It just happened again. I went to a site that promised helpful information only to find a useless PLR (private label rights) article. It burns me up!
There's little that I find more irritating than clicking on the title of what promises to be an interesting, informative article to find. . . junk! Tired and potentially plagiarized (unscrupulous PLR sellers often get their articles from article directories, removing copyright and author information) junk at that.
The upsurge in PLR article sites has led to a flood of obese sites bursting with PLR articles. It's time to fight back. So here are five ways that PLR websites give them away and what you can do to stop them.
1. Content three yards wide and a nanometer deep
PLR articles often offer the reader an encyclopedic variety of articles crammed with nothing more than tired platitudes on a worn-out subjects. In fact, you'll never find new, interesting content in these articles. Original content requires original thinking and research.
2. Bad, sometimes even unintelligible, writing
Website owners fear Google's duplicate content penalties, because they'll lose advertising revenue if Google bans their site. Therefore, unscrupulous site owners often rewrite PLR - carelessly. PLR rewriters scramble sentence order or even scramble word order within sentences. The result? Meaningless articles.
3. No author or a fictitious author
In their haste to post hundreds of articles, website owners who rely on PLR articles sometimes forget to put an author on their articles. Others create fictitious authors for their worn-out articles.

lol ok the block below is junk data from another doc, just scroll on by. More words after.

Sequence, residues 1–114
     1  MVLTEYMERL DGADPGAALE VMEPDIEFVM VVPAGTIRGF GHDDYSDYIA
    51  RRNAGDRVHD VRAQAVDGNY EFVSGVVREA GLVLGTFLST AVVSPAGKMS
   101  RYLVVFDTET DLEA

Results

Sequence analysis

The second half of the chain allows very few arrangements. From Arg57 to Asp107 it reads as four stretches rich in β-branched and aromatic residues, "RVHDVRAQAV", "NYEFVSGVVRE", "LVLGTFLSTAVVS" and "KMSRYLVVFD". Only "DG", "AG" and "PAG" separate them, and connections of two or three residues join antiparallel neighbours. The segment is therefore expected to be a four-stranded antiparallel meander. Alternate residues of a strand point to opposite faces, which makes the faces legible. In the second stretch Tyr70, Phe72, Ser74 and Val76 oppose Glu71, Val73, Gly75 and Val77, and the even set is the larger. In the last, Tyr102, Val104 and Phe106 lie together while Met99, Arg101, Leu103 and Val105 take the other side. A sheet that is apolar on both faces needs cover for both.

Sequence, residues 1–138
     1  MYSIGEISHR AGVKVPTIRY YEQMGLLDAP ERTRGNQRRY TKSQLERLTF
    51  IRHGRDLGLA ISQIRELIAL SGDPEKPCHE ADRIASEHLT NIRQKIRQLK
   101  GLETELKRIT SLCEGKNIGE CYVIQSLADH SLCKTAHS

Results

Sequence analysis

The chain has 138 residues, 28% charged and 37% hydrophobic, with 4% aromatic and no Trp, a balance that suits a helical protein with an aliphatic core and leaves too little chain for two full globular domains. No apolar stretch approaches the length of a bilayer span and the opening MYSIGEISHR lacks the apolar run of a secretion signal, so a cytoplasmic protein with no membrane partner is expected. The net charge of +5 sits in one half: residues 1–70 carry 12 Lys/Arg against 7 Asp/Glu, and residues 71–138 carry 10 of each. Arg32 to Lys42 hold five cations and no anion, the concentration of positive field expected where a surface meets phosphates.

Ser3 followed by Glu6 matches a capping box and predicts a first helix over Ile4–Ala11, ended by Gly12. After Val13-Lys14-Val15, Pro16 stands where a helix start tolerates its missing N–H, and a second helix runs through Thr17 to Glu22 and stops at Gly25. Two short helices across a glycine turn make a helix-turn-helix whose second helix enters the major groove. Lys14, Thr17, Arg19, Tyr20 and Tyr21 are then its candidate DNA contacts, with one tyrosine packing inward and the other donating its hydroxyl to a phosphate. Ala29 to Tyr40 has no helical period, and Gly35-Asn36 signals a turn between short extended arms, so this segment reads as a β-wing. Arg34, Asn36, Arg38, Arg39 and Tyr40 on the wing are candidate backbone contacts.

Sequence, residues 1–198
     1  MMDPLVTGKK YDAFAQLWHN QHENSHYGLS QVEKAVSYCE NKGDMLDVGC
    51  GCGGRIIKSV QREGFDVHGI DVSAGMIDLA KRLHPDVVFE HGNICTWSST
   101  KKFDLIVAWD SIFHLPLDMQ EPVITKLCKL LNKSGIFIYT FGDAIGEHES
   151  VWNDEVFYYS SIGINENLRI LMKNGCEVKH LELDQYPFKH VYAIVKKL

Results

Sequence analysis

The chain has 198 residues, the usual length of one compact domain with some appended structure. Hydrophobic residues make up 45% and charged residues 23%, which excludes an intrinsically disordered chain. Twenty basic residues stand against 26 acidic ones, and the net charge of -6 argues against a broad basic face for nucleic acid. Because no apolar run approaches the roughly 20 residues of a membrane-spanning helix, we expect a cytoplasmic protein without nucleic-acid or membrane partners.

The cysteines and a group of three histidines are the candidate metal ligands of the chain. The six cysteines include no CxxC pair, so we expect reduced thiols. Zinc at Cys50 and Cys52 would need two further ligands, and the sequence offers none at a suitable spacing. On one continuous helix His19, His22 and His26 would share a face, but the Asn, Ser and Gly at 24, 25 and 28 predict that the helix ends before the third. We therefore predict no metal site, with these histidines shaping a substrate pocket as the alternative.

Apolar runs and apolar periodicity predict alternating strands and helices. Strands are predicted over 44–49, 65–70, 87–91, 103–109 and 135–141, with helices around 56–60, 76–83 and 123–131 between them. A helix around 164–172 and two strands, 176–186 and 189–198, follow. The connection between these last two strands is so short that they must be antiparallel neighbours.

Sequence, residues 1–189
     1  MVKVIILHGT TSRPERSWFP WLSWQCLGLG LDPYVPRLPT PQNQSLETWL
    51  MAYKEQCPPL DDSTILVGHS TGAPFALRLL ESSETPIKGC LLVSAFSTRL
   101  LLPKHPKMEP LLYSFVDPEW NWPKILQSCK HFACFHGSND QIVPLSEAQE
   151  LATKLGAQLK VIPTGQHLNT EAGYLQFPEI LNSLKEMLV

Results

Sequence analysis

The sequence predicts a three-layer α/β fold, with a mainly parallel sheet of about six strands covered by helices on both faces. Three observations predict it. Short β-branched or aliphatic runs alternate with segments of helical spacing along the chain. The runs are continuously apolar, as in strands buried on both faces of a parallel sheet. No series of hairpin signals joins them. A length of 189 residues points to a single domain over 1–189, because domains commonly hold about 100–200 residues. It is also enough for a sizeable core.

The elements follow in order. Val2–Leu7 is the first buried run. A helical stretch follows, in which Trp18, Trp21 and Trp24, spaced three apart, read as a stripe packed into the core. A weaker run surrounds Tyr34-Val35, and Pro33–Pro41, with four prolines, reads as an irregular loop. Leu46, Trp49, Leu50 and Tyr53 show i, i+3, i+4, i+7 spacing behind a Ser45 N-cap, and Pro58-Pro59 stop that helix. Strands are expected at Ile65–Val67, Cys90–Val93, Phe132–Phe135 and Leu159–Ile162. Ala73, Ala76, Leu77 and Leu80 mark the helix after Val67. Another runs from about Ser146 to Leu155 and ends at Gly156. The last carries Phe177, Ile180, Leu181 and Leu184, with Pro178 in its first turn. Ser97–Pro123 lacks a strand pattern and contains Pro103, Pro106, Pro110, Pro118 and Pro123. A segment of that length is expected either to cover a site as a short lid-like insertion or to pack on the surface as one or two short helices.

You may be able to get information about site ownership by checking Whois. If there is a mismatch between the site owner and author, you may still find another PLR aticle.
4. No author biography
If someone is really an expert, they'll provide support evidence in their biography. No biography? Chances are good there's no expertise there either.
5. Little or no contact information
Experts want readers to be able to contact them. They write articles to encourage contact rather than to serve simply as a foil for income-creating advertisements. If you can not find contact information, or you find only limited contact information, you've probably landed on a site populated with PLR articles. You can safely assume that missing or limited contact information means the site does not want to hear from you.
What you can do to slow the advance of junk PLR
1. Notify Google by clicking on the "advertise" or "sponsored" link in the ad box.
One of Google's goals is to get rid of spammy sites stuffed with "scraped" content. You can help them by letting know them every time you're able to identify a site that exists simply to display advertisements.
2. Back out of the site, and do not touch any advertising links.
Use the back button to get out of the site. If you click on an ad, you're paying the website owner and encouraging their continuing use of PLR articles to clutter up the Internet.
3. Let the website hosting company know if its customer plagiarizes content.
Legitimate hosts do not want to wreck their reputations by hosting sleazy sites, so they'll usually cooperate by removing them.
Keep after PLR Internet abusers, and we'll all benefit from having original content to enjoy!